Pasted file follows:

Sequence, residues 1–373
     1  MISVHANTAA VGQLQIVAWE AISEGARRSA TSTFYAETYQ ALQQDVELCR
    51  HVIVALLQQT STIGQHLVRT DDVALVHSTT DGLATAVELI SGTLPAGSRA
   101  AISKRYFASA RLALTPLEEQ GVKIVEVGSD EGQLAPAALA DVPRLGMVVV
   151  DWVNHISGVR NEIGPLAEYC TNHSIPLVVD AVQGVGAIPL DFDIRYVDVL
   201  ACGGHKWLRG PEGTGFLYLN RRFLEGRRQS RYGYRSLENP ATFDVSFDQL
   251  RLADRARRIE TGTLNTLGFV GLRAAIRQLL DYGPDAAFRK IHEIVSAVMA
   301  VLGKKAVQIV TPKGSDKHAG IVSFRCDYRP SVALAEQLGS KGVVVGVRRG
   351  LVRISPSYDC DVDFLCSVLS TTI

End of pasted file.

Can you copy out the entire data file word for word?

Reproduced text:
Sequence, residues 1–373
     1  MISVHANTAA VGQLQIVAWE AISEGARRSA TSTFYAETYQ ALQQDVELCR
    51  HVIVALLQQT STIGQHLVRT DDVALVHSTT DGLATAVELI SGTLPAGSRA
   101  AISKRYFASA RLALTPLEEQ GVKIVEVGSD EGQLAPAALA DVPRLGMVVV
   151  DWVNHISGVR NEIGPLAEYC TNHSIPLVVD AVQGVGAIPL DFDIRYVDVL
   201  ACGGHKWLRG PEGTGFLYLN RRFLEGRRQS RYGYRSLENP ATFDVSFDQL
   251  RLADRARRIE TGTLNTLGFV GLRAAIRQLL DYGPDAAFRK IHEIVSAVMA
   301  VLGKKAVQIV TPKGSDKHAG IVSFRCDYRP SVALAEQLGS KGVVVGVRRG
   351  LVRISPSYDC DVDFLCSVLS TTI